You want HOW MUCH?!!

If MobileMe is really “Exchange for the rest of us”, then how come it’s going to cost the same exorbitant $10-plus CAD/month as a .Mac account does currently — especially when I can rent an actual hosted Exchange account with ActiveSync for nothing?

I got comparable functionality and unlimited data with my Fido hiptop for only $20/month. Taking into consideration that AT&T data plans for the iPhone are shortly going to cost more (and data rates for the device haven’t even been announced in Canada yet!) MobileMe looks like it’s going to be the same rip-off that .Mac was.

The only real justification I can see for MobileMe’s pricing is the ease of use for someone with exceptionally weak computer skills, like the lost souls who always seem to be hitting me up for free tech support. If this is the case Apple should just call a spade a spade and re-brand MobileMe as something more accurate.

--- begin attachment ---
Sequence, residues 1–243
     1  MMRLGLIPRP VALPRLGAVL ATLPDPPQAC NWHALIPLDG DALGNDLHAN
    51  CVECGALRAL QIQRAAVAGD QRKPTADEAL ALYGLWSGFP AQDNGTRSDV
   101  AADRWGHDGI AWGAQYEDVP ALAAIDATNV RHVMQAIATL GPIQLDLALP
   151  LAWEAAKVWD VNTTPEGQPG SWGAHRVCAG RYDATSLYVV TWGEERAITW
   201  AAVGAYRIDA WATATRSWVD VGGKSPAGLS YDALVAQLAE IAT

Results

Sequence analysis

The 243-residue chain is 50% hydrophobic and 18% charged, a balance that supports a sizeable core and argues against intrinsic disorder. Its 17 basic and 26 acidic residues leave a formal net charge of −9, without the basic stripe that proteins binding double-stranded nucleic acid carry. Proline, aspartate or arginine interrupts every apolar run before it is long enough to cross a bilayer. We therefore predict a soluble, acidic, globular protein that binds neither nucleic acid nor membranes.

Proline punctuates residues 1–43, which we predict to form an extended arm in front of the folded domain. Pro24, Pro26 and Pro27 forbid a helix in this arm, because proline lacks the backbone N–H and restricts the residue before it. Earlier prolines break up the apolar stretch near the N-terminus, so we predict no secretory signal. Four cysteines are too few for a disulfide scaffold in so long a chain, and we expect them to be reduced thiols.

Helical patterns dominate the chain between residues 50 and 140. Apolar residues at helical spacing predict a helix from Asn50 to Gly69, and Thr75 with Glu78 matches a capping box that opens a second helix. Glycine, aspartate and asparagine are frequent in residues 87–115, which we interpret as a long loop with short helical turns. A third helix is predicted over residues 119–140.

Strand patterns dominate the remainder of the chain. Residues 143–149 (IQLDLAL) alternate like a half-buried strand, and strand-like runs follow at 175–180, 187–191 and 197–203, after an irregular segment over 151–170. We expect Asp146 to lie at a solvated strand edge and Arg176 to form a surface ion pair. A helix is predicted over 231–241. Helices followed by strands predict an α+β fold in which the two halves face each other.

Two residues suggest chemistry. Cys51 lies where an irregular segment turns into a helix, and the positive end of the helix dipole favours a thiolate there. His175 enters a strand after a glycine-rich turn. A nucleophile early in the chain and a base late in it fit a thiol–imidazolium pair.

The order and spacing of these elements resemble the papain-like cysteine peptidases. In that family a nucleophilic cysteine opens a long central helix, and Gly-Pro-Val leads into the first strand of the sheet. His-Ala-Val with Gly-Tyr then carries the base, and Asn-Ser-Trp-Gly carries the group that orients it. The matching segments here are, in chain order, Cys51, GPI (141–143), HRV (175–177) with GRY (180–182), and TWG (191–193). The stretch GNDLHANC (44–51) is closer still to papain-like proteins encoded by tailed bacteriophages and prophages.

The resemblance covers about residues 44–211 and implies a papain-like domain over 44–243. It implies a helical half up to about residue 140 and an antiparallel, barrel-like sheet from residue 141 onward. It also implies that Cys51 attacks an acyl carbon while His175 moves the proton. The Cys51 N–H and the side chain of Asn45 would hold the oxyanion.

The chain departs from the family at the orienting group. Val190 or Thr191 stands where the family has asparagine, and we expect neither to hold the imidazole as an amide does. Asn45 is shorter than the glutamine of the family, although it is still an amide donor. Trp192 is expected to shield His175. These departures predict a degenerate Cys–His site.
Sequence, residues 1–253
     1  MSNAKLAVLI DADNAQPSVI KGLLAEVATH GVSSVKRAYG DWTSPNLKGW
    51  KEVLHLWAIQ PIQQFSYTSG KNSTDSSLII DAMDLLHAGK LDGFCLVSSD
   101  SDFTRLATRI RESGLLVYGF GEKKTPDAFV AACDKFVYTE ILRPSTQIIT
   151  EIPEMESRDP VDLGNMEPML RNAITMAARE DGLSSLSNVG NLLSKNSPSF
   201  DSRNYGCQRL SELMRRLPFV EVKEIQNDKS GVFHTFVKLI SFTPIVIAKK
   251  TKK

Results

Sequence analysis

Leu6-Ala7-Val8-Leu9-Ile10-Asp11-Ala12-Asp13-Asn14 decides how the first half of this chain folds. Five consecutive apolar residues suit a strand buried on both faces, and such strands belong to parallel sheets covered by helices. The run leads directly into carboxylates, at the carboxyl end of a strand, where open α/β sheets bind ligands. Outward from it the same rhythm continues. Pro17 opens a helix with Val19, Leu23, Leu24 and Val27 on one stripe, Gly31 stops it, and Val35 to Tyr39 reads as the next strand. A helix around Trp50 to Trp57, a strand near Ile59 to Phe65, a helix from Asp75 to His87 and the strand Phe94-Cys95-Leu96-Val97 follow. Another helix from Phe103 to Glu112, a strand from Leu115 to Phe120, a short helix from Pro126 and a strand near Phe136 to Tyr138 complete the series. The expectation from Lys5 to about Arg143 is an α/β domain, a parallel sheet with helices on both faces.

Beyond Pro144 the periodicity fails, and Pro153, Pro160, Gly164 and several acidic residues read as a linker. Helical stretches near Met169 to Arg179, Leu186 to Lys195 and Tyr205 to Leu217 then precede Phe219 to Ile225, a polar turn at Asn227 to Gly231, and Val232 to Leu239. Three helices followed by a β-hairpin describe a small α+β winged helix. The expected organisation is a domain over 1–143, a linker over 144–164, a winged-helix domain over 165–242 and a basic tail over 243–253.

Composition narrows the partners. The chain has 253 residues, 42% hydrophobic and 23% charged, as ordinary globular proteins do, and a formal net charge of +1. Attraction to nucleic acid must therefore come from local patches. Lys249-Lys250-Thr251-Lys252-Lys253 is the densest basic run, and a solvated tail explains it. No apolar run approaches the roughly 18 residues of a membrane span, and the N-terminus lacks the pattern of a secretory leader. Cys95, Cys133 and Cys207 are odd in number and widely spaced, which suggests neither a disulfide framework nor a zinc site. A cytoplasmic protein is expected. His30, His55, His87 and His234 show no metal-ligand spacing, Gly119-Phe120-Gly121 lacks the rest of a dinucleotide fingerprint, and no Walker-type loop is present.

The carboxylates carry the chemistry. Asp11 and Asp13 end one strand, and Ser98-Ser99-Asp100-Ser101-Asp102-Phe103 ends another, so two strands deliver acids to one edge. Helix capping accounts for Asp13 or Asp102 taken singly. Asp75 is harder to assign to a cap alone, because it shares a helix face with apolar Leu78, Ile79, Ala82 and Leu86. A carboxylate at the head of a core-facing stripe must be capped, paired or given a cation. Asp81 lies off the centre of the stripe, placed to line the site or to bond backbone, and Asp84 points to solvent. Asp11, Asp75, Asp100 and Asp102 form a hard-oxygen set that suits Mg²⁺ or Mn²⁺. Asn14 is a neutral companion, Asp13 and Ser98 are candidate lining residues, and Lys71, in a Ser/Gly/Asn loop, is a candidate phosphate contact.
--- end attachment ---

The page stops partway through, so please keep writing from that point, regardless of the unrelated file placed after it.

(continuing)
“MeTard” is perhaps a tad harsh… Maybe “FleeceMe”?

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About Andrew

Mobile phones, Linux and copyright reform. Those go together, right?
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20 Responses to The Quest for PIM 2.0: Apple’s Mobile “Meh”

  1. Ed Miller says:

    AC:

    I read over the Mobile Me stuff (I am a .Mac user and got the e-mail yesterday announcing it). Based on the details on the Me page, I don’t think it’ll change how I use the service because none of the changes apply to the gear I use and how I use .Mac.

    I use .Mac primarily to sync contacts/calendars and backup my critical folders and settings on my 2 Macs, and transferring files between computers. As a secondary use, I use it to host my goofy, in-character website and post family photos in iPhoto’s finest feature, the online gallery.